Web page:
The growth of an idea...
'Forged Vessel' by David Robertson
The original concept for this exhibit was a more modest one, first sparked by conversations with my artist friends Brenda Roy, Diane Edwards, and David Robertson, then further warped under the influence of Janis Book ...
A long while back, Brenda Roy had mentioned a repeating competition held out of the USA for contemporary designs for funeral urns. The story goes that a major funeral company in California was having a difficult time getting attractive containers for the ashes of those cremated. As the 'Hippy' generation gets older, more and more people are wanting cremation for their remains. Along with this is an increasing number of North Americans who have embraced other religious paths than main line Christian. To remedy this, a competition was started, with prizes given for outstanding work. On top of this, the sponsoring company would also purchase a good number of the top works for the use of their own clients.
Hmmm... Now it turned out that Diane Edwards (who works in marquetry) had actually created some specific containers for ashes in the past. She was able to pass on some information about sizes and other requirements. At the time we also discussed an idea for organizing a group artisan show - specifically of funeral urns rendered in any number of mediums.
Very interesting, I thought. Latter I had one of those late night conversations
with David Robertson, concerning work,
life, the universe (everything). Both of us were floundering a wee bit
and running out of ideas and inspiration. I mentioned those other two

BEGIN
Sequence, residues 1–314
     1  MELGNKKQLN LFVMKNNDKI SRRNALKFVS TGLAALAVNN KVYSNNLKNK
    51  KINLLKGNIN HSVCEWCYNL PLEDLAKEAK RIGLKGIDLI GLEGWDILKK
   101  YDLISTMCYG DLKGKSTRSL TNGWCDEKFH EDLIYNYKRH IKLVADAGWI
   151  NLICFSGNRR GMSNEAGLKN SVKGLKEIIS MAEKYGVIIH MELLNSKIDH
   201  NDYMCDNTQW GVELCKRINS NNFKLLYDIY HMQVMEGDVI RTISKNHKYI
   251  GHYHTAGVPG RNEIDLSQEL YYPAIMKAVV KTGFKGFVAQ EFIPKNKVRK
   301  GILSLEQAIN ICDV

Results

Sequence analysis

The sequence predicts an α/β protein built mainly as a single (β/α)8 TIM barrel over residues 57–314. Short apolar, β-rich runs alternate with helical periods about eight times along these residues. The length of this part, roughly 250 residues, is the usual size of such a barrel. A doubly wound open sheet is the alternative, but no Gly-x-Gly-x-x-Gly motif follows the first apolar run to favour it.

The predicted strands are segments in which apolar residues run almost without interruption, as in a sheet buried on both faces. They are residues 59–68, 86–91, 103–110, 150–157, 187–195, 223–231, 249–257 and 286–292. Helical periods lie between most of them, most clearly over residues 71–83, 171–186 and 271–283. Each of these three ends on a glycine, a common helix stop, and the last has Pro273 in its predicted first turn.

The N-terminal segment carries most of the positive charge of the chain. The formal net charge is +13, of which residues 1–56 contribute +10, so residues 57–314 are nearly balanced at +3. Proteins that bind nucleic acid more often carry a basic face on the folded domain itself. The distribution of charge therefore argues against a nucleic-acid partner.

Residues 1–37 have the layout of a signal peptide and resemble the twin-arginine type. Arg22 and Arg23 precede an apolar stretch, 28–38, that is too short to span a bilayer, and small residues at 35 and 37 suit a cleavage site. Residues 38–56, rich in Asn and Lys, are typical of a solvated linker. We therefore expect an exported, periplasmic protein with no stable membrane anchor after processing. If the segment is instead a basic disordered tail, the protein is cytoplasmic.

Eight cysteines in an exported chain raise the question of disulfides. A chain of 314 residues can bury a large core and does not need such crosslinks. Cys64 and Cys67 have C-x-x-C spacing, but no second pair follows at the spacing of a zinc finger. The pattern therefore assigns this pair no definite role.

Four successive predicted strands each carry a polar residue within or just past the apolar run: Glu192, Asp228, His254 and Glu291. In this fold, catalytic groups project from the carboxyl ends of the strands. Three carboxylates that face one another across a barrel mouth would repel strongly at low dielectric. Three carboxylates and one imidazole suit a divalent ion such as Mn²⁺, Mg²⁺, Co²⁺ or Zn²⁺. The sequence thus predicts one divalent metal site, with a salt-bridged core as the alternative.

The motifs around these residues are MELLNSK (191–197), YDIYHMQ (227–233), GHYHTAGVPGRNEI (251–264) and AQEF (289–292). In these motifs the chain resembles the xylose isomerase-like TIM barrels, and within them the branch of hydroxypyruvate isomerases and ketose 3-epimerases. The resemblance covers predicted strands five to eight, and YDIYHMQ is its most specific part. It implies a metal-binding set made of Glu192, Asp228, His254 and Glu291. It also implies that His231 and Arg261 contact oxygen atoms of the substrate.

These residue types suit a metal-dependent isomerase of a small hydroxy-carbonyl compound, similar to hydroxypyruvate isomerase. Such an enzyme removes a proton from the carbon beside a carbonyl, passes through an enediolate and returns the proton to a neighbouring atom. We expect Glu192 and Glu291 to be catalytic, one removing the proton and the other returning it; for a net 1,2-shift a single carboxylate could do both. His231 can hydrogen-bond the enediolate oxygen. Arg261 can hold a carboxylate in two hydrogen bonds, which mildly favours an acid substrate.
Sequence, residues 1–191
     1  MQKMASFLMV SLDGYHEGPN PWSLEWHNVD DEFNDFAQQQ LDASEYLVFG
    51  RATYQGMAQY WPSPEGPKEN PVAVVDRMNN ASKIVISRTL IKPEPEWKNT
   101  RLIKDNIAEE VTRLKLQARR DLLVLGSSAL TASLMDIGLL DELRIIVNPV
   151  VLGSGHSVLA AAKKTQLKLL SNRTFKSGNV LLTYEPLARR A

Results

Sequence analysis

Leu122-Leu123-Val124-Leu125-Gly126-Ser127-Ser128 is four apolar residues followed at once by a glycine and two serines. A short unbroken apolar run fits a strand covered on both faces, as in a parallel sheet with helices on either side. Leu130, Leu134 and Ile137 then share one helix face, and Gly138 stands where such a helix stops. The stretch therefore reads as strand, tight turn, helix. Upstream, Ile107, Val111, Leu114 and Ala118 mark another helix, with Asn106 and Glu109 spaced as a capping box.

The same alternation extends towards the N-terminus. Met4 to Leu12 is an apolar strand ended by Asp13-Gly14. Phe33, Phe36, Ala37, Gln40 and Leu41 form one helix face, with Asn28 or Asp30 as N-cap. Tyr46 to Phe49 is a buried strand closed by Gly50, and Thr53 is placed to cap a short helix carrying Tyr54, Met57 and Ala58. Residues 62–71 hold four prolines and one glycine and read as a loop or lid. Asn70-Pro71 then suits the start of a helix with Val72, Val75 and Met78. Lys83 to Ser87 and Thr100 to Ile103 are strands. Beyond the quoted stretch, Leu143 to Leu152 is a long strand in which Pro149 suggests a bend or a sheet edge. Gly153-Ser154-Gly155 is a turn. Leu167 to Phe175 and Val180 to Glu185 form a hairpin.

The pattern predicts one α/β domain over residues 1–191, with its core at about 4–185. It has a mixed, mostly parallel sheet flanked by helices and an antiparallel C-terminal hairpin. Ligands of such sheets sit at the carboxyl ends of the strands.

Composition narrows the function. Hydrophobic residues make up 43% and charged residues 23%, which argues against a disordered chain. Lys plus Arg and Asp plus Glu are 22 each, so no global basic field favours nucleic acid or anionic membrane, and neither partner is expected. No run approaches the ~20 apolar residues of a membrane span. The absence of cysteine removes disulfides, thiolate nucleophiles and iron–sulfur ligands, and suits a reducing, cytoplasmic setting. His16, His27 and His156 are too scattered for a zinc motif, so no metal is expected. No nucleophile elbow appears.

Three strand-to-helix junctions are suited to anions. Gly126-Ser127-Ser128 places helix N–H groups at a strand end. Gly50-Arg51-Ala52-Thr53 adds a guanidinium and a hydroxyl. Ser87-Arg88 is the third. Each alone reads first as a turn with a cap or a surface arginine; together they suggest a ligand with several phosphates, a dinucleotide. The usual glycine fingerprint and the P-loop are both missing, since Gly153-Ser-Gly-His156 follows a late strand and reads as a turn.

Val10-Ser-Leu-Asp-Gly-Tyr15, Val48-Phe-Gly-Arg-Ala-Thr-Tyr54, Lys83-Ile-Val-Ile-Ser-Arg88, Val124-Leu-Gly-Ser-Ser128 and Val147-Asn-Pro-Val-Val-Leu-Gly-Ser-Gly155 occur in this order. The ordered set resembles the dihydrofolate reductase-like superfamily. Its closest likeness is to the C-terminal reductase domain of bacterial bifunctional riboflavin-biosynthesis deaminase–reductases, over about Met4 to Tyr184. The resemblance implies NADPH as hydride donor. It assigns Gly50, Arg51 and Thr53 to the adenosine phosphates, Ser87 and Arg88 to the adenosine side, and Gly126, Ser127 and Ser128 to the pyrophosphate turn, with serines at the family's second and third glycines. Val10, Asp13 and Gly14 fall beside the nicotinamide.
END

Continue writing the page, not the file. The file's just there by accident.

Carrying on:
conversations, and we started thinking about using forged steel as a material
Now, one of the other contributing artists to Fiery Furnace was Janis Book. One of her submissions was a large free standing grave cross. It was her first large forged object, standing about 5 feet tall. After the official opening of Fiery Furnace, a gaggle of us retired to a nearby pub. All were quite charged up by the range and quality of the pieces that had been contributed, and talk turned to other group exhibit possibilities.
One other important link in this chain is provided by some deeper background into my own pathway as an artist. I had originally gotten interested in metalwork by way of my involvement with historic re-creation. My first exhibit, Reflections of the Conquest, included both contemporary artists inspired by a historic theme, but also the work of re-enactors working closer to historic prototypes. Any student of history, most especially anyone interested in material culture, understands the significant role 'grave goods' play in our perceptions of past civilizations. Certainly the physical objects related to, and found as part of, burials provide important clues to aspects of both ritual practice and daily life that may otherwise be long lost to us.
At the same time, the more you learn about historical realities, the more you start to realize that those same grave goods may not exactly be telling the whole truth. Just what is included inside the burial, how the grave is laid out, what ceremonial surrounds the process of death and internment - all may have as much to do with the living worlds concern for politics, status and other very practical problems.
Taken altogether, the wide possibilities of how contemporary artisans might also chose to approach the very many facets of the topic of 'grave goods' seemed fertile ground. Each individual has brought personal experience, private belief, historical knowledge and quite often a pinch of humour to the topic. All this inspiration has been then molded by the most skillful of hands to create a wide range of objects that are as beautiful as they are thought provoking.
Darrell Markewitz - Exhibit Currator